Timothy C. Hoops, MD
Last Modified: November 1, 2001
Dear OncoLink "Ask the Experts,"
My mother suffered from ulcerative colitis from age 33-42. She finally had a j-pouch surgery in September.00 and is doing well. On her side, her brother and sister also both have ulcerative colitis... both diagnosed in their 30's. On my father's side, his father died of colon cancer at age 70, his sister has ulcerative colitis, and he has had polyps removed from his colon. His other sister also has IBS (which I understand is not related?). Please tell me what I can do to protect myself and prevent colon problems. I am already trying to increase my fiber intake, but it is very difficult for me to get 25g a day.
Timothy C. Hoops, MD, Clinical Assistant Professor of Medicine in the Gastroenterology Division at the University of Pennsylvania and Director of Gastroenterology at Penn Medicine at Radnor, responds:
First of all, while we know that a family history of colon cancer and having ulcerative colitis can each increase a person's risk for colon cancer (and together there may be an additive effect), your risk as an unaffected family member is harder to determine. Your father's history of polyps and your grandfather's colon cancer may raise your lifetime risk, but probably about two-fold at most. Ulcerative colitis can have a genetic component to it and you may be at risk for developing it, but there is no way to determine that beforehand with any certainty.
From a preventative standpoint, there is little that can be done for the ulcerative colitis that I am aware of. For colon cancer, there is no strong evidence that fiber decreases the risk, although there are other beneficial effects of fiber that might warrant its use. Other factors that have been shown to reduce colon cancer risk include calcium, folate (400 mg/day) and exercise. Hormone replacement therapy in postmenopausal women may also be beneficial. The most important thing to do is undergo colon cancer screening. Unless you have symptoms, you can probably wait until you turn 50. At a minimum, this should be annual stool occult blood testing (Hemoccult) and a flexible sigmoidoscopy every 5 years, or a colonoscopy every 10 years. This is the best colon cancer risk reduction method available.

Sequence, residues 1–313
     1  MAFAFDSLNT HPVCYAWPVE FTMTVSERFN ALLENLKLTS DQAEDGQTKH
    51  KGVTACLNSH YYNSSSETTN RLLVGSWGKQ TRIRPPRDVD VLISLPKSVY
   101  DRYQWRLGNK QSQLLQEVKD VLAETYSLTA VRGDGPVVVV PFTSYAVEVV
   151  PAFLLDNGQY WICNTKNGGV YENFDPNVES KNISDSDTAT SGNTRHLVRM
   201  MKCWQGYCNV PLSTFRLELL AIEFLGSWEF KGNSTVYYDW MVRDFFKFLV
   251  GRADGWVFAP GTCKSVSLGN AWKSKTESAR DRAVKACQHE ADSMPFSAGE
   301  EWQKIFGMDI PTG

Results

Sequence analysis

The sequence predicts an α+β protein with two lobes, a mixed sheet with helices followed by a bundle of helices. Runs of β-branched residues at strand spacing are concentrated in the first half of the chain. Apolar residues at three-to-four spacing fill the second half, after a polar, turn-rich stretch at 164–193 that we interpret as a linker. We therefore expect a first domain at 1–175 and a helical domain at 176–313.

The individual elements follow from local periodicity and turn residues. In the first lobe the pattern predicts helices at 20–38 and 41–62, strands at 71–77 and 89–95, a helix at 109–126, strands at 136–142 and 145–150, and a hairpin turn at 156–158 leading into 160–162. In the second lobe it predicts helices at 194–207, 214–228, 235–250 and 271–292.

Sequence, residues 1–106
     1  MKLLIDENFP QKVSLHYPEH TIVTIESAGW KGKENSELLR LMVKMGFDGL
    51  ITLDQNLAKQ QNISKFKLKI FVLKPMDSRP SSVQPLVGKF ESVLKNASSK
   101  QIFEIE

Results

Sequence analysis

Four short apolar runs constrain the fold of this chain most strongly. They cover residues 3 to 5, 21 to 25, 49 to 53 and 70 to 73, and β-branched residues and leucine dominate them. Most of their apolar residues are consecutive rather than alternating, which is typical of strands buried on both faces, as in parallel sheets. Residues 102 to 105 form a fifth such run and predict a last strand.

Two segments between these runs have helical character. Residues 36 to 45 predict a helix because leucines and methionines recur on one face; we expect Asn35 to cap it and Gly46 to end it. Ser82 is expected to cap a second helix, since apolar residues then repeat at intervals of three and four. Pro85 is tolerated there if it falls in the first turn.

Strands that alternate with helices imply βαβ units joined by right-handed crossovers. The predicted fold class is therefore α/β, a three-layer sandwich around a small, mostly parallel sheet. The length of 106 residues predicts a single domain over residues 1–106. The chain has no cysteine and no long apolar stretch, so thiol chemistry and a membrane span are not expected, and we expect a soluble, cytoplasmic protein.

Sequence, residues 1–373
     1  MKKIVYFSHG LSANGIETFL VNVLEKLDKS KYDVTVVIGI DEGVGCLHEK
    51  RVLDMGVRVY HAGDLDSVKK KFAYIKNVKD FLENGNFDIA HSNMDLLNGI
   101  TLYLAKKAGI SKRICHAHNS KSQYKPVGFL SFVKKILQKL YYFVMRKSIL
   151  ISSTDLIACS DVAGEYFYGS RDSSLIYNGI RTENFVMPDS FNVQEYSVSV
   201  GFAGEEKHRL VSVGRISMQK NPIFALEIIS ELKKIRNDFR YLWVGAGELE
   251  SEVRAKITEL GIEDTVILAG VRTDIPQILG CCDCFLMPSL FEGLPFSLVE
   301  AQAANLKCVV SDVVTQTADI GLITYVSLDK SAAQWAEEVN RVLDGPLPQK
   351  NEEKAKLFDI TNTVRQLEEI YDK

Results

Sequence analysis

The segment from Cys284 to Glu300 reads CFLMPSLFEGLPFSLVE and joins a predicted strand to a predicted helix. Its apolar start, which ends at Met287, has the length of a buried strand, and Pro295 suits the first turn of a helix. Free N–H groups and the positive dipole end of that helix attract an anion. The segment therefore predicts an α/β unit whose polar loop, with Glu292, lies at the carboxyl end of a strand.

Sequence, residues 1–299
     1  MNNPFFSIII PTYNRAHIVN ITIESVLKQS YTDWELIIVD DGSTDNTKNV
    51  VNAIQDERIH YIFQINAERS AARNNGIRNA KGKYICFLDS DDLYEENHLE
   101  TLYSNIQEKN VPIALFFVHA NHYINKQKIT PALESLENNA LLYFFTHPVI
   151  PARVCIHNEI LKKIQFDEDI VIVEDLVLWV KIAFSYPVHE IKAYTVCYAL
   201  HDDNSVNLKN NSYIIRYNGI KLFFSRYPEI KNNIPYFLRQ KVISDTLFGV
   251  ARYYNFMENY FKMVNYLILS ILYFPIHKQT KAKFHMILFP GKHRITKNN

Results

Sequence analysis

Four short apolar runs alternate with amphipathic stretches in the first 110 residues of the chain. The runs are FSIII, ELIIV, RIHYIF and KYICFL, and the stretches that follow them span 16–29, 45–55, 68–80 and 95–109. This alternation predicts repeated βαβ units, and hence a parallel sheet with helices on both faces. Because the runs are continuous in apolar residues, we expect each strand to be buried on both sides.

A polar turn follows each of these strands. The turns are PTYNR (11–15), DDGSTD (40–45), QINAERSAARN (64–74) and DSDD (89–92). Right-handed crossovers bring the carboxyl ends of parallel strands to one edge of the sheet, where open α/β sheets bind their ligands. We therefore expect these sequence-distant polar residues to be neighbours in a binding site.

Feb 6, 2012 - Individuals who consume 30 g alcohol or more per day have a significantly elevated risk of colon cancer, especially those with a family history of colorectal cancer, according to a study published in the February issue of the American Journal of Clinical Nutrition.
Nov 30, 2010